Day 17


Mark 10:46-52, Psalm 146:1-10, Isaiah 42:1-8, Romans 4:3-5

BY Bailey Gillespie

When you’re an adult, the question “What do you want for Christmas?” gets a lot harder. The things that make it on your list usually become more humanitarian, like social justice in your city, the health of your family, revival in the Church, and sure, maybe even a substantial tax return. Like an expectant child on Christmas morning, you hope against hope that your desires will come to pass. But they’re more like prayers now, and as we all know, prayers aren’t the same as a shopping list for gifts.

When you read today’s story, did you ponder your own answer to Jesus’s question? At first glance, when Jesus asks the blind beggar Bartimaeus what he wants Jesus to do for him, it might seem like a trick question (Mark 10:51). Does Jesus really want to know our wants?

Though the first part of the phrase, “What do you want,” may seem to lend itself to opening a can of self-indulgent responses, it’s the second part, “me to do for you,” where Christ’s heart really lives. He really does want to know what we want. (And let’s be honest, He already knows anyway.) But when I read the rest of His question, I see Him using it as an opportunity for building a bridge toward relationship.

Bartimaeus didn’t accost Jesus with a list of things he wanted but rather cried out, “Have mercy on me, Son of David!” (Mark 10:48). Bartimaeus wanted what so many of us take for granted: to see with his eyes (v.51). Having one of his core faculties restored was the beggar’s biggest need, and this encounter was a chance for Jesus to display His heart of generosity and kindness for one of His children.

Prayer doesn’t work like a Christmas list, nor is it just a string of idealistic hopes. We can’t manipulate God into giving us what we want. But we do have the promise that He hears us, and the intimacy that is deepened during those moments of vulnerability when we express our felt needs to the Lord are worth everything.

Like Bartimaeus, let’s ask for Christ to show mercy to us—and not just us but in all the realms that we hope for. We are already in His hands, the best possible place to be. Let’s trust that, whatever He chooses to do, God knows what is best for us and will act accordingly and in His perfect time. May we be brave enough to answer the same question posed to Bartimaeus: What do you want Jesus to do for you?

Post Comments (39)

39 thoughts on "Bartimaeus"

  1. Ada McCloud says:

    Excellent question. I’m going to have to really think about it.

  2. Alicia McCann says:

    Yes Lord, let me trust what you want to do in my life and in your timing

  3. Jennifer Anapol says:

    I love that God knows what we need and want before we ask him. I pray I would trust in his leading and provision in my life. Most of all, that I would trust that he knows what is beat in my life.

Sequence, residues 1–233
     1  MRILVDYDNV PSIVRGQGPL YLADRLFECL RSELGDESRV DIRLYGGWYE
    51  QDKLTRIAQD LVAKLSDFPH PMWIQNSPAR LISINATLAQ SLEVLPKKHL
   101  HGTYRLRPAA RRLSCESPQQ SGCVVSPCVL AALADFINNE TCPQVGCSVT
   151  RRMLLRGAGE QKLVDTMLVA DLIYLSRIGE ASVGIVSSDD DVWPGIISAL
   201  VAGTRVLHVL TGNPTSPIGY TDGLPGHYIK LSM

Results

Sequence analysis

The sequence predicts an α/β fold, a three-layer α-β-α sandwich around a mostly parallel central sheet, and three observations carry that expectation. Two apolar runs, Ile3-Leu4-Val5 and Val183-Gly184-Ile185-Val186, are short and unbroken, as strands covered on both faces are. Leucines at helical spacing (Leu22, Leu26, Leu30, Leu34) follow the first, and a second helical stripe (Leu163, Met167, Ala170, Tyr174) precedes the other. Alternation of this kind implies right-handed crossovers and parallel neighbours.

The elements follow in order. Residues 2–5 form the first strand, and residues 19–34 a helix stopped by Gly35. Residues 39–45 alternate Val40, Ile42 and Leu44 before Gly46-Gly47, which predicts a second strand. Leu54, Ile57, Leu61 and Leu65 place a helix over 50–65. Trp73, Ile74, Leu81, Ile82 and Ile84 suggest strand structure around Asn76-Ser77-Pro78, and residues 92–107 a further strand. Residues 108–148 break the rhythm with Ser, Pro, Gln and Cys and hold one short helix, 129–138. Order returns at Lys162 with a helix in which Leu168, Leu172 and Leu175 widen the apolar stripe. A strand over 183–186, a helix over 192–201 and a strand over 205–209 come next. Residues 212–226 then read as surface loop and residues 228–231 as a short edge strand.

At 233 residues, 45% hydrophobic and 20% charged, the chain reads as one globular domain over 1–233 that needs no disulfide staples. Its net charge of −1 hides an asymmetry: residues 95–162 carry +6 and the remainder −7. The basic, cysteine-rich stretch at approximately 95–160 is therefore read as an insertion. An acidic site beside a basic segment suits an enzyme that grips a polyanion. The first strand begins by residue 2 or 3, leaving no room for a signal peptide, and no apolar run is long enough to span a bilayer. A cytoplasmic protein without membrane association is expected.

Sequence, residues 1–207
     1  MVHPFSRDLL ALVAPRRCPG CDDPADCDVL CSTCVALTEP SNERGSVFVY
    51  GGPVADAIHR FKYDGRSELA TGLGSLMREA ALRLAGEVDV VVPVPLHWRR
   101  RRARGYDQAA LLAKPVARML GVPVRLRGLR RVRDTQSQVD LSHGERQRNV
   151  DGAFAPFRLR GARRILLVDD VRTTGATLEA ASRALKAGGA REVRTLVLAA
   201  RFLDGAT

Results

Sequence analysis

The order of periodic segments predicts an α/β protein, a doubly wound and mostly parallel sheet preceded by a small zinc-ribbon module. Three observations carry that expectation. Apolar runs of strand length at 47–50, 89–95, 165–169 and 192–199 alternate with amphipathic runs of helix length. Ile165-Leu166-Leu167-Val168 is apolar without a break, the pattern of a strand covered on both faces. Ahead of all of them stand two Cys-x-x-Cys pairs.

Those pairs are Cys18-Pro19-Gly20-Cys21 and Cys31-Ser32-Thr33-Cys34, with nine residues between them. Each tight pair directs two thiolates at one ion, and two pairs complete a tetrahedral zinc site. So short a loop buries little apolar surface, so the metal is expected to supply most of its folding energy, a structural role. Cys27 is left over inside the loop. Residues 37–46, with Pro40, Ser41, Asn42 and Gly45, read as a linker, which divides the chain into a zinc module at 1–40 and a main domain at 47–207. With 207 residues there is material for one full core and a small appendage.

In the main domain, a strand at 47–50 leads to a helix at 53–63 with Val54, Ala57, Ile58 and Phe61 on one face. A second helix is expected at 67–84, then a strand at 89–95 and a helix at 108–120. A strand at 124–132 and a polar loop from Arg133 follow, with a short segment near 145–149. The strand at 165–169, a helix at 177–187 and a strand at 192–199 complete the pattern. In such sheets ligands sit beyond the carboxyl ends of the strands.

4. Beth Ann McCormick says:

    I desperately long for Jesus to call my boyfriend to Himself. For Tyler to understand that Jesus is Lord and to know Him as Father and Friend. To cry out to Him as Bartimaeus did.

  5. Haley Franklin says:

    Amazing perspective! Oh until that day we see Jesus face to face. Thank you Ashley.

  6. Juliana Eshleman says:

    Amen! A big theme in my life this spring and summer has been to be vulnerable before God. He is “El-Shamma”- the God who hears, and is continually inviting me into deeper relationship with Him. I need to work on carving out time to sit in his presence and be open before Him.

    1. Freyjah Fey says:

      I am with you on this Juliana. With everyone working from home this is a challenge. I actually lock myself in the bathroom just to steal away for 15 minuets. Some mornings I pull my car around under some shade and have quiet time with the Lord in my car. That’s my favorite prayer closet. :)

  7. Taylor says:

    “What do I want Jesus to do for me?” Heal my best friend’s mom. Thank you Lord that You are generous and kind, that You hear our prayers and that you are merciful. You love us so much. Please be with my best friend’s family and they walk through these unimaginable times. Please strengthen me as well to continue showing up for my walk and walking alongside her. Thank you that one of the bright sides of COVID is that I get to be home and readily available to be with my friend. I am so thankful for that time we share together <3

  8. Ashley Thomas says:

    Although I have read and heard this story many times before, today it occurred to me that the first person Bartimaeus saw was Jesus. I can’t even fathom what that must have been like for him. Of course he instantly followed him. I would think most, if in the same situation, would do the same. We all take our senses for granted. I don’t want to imagine not being able to see or hear or taste or speak, yet many people are dealing with those very things. As a child, I grew up very poor. I didn’t have “things” to entertain me. I loved nature and being outdoors. I still do. I loved listening to the radio because I could sing and dance along. Music still speaks to me in ways plain words never can. The same goes for art. You can create a lot from very little. I thank God for the simple things he has given me. I can’t wait to see Jesus face to face like Bartimaeus.

    1. Jen Brewer says:


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